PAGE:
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Vintage Pulp Aug 1 2016
HORN OF PLENTY
Only good hot sax could make a girl move her body that way.

In 1958's hit novel The Horn beat author John Clellon Holmes tells the story of Edgar Pool, a talented tenor saxophonist who makes his mark on the NYC jazz scene and grows into a global legend. The last twenty-four hours of his life are related via the recollections of friends and lovers, so what you get is a rise-and-fall biography centered around a booze-drugs-women nexus, which Holmes based on the lives of jazz masters Lester Young and Charlie Parker and set in 1954 to give it a tinge of documentary nostalgia. It's a really nice piece of literature. Holmes had already written Go, which is considered the first beat novel; The Horn is the definitive jazz novel from that genre. This 1959 Fawcett Crest paperback comes with worthy cover art from Mitchell Hooks.

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Vintage Pulp Jul 28 2016
LADY LOVE
When girl meets girl sparks fly.

Above and below is a small percentage of some of the thousands of lesbian themed paperback covers that appeared during the mid-century period, with art by Paul Rader, Fred Fixler, Harry Schaare, Rudy Nappi, Charles Copeland, and others, as well as a few interesting photographed fronts. The collection ends with the classic Satan Was a Lesbian, which you’ve probably seen before, but which no collection like this is complete without. Hopefully most of the others will be new to you. Needless to say, almost all were written by men, and in that sense are really hetero books reflecting hetero fantasies (fueled by hetero misconceptions and slander). You can see plenty more in this vein on the website Strange Sisters.

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History Rewind
The headlines that mattered yesteryear.
August 24
1954—Communist Party Outlawed
In the U.S., during the height of the Red Scare, President Dwight Eisenhower signs the Communist Control Act into law. The new legislation bans the American Communist Party, and prohibits people deemed to be communists from serving as officials in labor organizations.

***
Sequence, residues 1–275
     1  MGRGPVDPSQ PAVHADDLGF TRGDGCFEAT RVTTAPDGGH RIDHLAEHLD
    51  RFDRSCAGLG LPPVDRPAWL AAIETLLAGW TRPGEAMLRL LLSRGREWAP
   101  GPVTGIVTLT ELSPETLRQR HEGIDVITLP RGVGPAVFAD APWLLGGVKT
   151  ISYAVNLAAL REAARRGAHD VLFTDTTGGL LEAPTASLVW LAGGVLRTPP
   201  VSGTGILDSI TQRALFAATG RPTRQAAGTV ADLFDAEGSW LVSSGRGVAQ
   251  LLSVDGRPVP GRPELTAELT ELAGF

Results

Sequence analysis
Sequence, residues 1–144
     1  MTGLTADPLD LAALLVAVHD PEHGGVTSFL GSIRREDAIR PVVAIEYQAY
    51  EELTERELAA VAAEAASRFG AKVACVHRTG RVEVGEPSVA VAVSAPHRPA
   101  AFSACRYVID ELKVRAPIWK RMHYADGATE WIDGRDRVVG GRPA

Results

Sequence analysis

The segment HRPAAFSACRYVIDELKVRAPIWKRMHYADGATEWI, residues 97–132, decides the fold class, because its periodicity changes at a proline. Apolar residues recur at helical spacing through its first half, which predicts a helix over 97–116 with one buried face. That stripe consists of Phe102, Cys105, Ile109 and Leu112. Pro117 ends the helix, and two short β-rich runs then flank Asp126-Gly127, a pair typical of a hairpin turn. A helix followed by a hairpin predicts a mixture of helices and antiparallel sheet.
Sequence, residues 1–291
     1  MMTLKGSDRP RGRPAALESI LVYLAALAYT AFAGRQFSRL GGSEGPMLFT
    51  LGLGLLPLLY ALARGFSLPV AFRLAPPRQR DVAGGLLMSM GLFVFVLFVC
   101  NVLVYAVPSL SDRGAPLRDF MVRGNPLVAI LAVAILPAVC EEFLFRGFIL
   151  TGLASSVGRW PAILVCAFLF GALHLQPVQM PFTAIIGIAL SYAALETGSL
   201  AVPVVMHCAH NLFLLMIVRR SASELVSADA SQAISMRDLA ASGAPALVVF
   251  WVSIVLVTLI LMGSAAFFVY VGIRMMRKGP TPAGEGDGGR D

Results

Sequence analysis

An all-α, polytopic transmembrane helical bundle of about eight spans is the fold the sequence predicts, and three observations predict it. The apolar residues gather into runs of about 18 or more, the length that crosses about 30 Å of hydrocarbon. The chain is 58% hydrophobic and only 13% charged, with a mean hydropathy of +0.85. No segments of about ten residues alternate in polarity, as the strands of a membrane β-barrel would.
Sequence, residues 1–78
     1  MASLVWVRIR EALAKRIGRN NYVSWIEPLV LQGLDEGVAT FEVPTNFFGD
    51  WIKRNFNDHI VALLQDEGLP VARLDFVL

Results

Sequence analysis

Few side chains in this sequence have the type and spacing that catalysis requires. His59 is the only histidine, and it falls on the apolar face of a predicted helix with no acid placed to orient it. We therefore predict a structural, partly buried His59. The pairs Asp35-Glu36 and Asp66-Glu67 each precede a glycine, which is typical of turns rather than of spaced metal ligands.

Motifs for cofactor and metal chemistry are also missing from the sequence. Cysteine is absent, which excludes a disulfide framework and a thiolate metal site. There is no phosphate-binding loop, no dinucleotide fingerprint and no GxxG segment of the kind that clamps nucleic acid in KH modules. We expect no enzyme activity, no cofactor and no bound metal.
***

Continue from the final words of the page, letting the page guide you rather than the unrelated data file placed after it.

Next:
1968—France Explodes Nuke
France tests a two-stage nuclear weapon, codenamed Canopus, on Fangataufa, French Polynesia.
August 23
1942—Battle of Stalingrad Begins
The Battle of Stalingrad, perhaps the most pivotal event of World War II, begins. It lasts for more than six months, spread across the brutal Russian winter, and ends with two million casualties. The Russian sacrifice reduces the powerful German army to a shell of its former self, and as a result Nazi defeat in the war becomes a simple matter of time.
1979—Alexander Gudonov Defects
Russian ballet dancer and actor Alexander Borisovich Godunov defects to the U.S. The event causes an international diplomatic crisis, but Gudonov manages to win asylum. He joins the famous American Ballet Theater, where he becomes a colleague of fellow-defector Mikhail Baryshnikov, and later earns roles in such Hollywood films as Witness and Die Hard.
August 22
1950—Althea Gibson Breaks the Color Barrier
Althea Gibson becomes the first African-American woman to compete on the World Tennis Tour, and the first to earn a Grand Slam title when she wins the French Open in 1956. Later she becomes the first African-American woman to compete in the Ladies Professional Golf Association.
1952—Devil's Island Closed
Devil's Island, the penal colony located off the coast of French Guiana, is permanently closed. The prison is later made world famous by Henri Charrière's bestselling novel Papillon, and the subsequent film starring Steve McQueen and Dustin Hoffman.
1962—De Gaulle Survives Assassination Attempt
Jean Bastien-Thiry, a French air weaponry engineer, attempts to assassinate French President Charles de Gaulle to prevent Algerian independence. Bastien-Thiry and others attack de Gaulle's armored limousine with machine guns, but after expending hundreds of rounds, they succeed only in puncturing two tires.